I love this letter by Abraham Lincoln to his son's headmaster. And I will put in bold the part I want you to take special notice of.
My son will have to learn, I know, that all men are not just, all men are not true. But teach him also that for every scoundrel there is a hero. That for every selfish politician, there is a dedicated leader. Teach him that for every enemy there is a friend. It will take time, I know; but teach him, if you can, that a dollar earned is far more valuable than five found.
Teach him to learn to lose and also to enjoy winning.
Steer him away from envy, if you can.
Teach him the secret of quiet laughter.
Let him learn early that the bullies are the easiest to lick.
Teach him, if you can, the wonder of books. But also give him quiet time to ponder the eternal mystery of birds in the sky, bees in the sun, and the flowers on a green hillside.
In the school teach him it is far honorable to fail than to cheat.
Teach him to have faith in his own ideas even if everyone tells him they are wrong.
Teach him to be gentle with gentle people and tough with the tough.
Try to give my son the strength not to follow the crowd when everyone is getting on the band wagon.
Teach him to listen to all men. But teach him also to filter all he hears on a screen of truth and take only the good that comes through.
Teach him if you can, how to laugh when he is sad. Teach him there is no shame in tears. Teach him to scoff at cynics and to beware of too much sweetness.
Teach him to sell his brawn and brain to the highest bidders but never to put a price-tag on his heart and soul.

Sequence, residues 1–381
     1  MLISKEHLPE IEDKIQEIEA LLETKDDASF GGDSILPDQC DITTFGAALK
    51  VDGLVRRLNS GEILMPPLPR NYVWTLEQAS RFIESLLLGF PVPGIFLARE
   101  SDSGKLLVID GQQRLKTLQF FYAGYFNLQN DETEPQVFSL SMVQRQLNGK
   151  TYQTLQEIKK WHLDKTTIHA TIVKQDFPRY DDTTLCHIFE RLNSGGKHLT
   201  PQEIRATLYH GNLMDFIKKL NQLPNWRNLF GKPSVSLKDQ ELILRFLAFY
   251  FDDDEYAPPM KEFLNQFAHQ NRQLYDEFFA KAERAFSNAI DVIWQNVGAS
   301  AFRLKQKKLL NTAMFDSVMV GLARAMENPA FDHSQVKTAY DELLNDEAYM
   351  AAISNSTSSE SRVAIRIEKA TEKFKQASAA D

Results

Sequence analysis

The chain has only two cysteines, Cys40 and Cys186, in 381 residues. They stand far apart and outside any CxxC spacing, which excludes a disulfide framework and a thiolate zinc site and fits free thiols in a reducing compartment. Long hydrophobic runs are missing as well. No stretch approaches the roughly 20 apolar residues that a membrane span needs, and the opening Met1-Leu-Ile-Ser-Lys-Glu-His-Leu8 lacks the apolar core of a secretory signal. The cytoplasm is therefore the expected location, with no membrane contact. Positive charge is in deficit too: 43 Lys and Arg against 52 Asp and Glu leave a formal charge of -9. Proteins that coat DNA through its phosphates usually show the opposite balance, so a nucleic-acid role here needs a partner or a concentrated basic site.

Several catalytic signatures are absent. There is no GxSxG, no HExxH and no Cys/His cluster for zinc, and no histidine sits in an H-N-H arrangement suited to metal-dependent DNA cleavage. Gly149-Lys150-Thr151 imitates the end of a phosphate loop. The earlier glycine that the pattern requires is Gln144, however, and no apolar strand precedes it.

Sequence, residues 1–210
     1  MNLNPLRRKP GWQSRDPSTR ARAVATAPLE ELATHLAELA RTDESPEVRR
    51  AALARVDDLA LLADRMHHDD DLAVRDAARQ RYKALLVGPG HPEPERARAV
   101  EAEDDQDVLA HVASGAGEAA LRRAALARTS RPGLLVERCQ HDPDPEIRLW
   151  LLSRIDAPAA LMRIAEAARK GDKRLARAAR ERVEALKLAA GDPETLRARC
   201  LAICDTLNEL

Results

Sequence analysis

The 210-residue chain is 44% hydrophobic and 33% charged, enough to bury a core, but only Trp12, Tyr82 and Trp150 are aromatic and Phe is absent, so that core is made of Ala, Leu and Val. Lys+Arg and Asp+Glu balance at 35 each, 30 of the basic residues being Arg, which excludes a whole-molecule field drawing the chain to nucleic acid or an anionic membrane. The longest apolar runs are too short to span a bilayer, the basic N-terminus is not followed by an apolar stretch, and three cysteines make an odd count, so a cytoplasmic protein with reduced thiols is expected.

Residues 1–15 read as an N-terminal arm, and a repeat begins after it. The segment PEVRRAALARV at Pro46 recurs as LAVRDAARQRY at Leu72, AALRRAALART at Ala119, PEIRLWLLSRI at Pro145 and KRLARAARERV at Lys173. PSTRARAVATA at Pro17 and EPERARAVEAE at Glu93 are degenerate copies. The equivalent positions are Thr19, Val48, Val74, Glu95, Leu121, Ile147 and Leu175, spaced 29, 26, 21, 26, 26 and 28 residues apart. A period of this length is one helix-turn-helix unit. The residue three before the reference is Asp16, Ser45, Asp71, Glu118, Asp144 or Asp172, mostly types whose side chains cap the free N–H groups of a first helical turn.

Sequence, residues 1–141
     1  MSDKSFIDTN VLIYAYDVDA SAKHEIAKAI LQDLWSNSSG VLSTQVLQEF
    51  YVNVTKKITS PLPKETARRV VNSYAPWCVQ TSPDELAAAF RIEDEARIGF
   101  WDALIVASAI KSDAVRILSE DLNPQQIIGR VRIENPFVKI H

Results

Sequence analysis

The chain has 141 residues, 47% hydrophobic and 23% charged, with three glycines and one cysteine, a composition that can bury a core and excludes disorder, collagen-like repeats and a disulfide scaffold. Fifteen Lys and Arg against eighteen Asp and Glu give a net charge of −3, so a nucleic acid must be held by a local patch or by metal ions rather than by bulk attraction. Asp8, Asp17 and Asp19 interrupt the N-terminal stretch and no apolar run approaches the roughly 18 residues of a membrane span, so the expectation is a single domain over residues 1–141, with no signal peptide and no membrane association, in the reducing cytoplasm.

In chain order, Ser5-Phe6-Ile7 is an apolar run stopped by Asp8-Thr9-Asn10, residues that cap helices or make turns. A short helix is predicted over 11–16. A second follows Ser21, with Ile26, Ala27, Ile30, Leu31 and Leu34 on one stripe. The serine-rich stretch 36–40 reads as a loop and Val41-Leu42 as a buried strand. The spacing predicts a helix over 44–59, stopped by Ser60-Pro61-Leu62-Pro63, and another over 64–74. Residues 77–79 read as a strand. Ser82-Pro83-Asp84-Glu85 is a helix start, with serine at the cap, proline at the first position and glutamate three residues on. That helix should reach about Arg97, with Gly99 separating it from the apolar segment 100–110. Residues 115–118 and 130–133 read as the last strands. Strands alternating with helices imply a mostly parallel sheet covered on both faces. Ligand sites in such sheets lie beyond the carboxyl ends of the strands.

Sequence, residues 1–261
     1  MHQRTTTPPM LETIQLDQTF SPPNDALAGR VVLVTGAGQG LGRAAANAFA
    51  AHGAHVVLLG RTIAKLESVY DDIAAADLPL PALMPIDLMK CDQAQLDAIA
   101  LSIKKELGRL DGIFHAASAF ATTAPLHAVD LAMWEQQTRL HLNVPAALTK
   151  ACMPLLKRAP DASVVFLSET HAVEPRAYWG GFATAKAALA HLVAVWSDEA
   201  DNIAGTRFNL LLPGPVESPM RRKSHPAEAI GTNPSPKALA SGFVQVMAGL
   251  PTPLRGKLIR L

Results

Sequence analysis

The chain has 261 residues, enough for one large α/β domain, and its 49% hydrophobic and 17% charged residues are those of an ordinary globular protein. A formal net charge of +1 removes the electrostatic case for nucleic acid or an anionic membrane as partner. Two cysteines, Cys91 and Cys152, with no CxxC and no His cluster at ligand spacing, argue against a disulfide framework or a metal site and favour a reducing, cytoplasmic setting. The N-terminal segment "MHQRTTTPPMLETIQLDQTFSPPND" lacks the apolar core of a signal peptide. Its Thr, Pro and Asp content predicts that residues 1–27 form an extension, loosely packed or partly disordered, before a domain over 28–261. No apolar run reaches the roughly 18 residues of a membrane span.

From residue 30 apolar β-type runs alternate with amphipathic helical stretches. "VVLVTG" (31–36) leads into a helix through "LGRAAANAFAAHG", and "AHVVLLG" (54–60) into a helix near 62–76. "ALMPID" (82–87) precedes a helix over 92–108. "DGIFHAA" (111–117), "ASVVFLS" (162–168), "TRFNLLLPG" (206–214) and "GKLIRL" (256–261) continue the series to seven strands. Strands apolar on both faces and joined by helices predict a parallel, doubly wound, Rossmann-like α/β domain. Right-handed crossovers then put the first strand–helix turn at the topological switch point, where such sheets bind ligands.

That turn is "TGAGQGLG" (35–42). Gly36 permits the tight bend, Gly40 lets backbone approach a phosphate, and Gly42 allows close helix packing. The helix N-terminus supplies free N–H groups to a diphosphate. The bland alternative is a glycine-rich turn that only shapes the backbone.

Teach him to close his ears to a howling mob and to stand and fight if he thinks he's right.
Treat him gently, but do not cuddle him because only the test of fire makes fine steel.
Let him have the courage to be impatient, let him have the patience to be brave. Teach him always to have sublime faith in himself because then he will have sublime faith in mankind.
This is a big order, but see what you can do. He is such a fine fellow, my son !
Only the test of fire makes fine steel.
Here is another popular letter, by Richard Paul Evans the author of The Christmas Box.
My Dear Son,
I am so very proud of you. Now, as you embark on a new journey, I'd like to share this one piece of advice. Always, always remember that - adversity is not a detour. It is part of the path.
You will encounter obstacles. You will make mistakes. Be grateful for both. Your obstacles and mistakes will be your greatest teachers. And the only way to not make mistakes in this life is to do nothing, which is the biggest mistake of all.
Your challenges, if you let them, will become your greatest allies. Mountains can crush or raise you, depending on which side of the mountain you choose to stand on. All history bears out that the great, those who have changed the world, have all suffered great challenges. And, more times than not it's precisely those challenges that, in God's time, lead to triumph.
Abhor victimhood. Denounce entitlement. Neither are gifts, rather cages to damn the soul. Everyone who has walked this earth is a victim of injustice. Everyone.
Most of all, do not be too quick to denounce your sufferings. The difficult road you are called to walk may, in fact, be your only path to success.
If I wanted to bold anything in that letter, it would be the entire letter.
And I'll end with a memorable quote from Sir Isaac Newton.
Trials are medicines which our gracious and wise Physician prescribes because we need them; and he proportions the frequency and weight of them to what the case requires. Let us trust his skill and thank him for his prescription.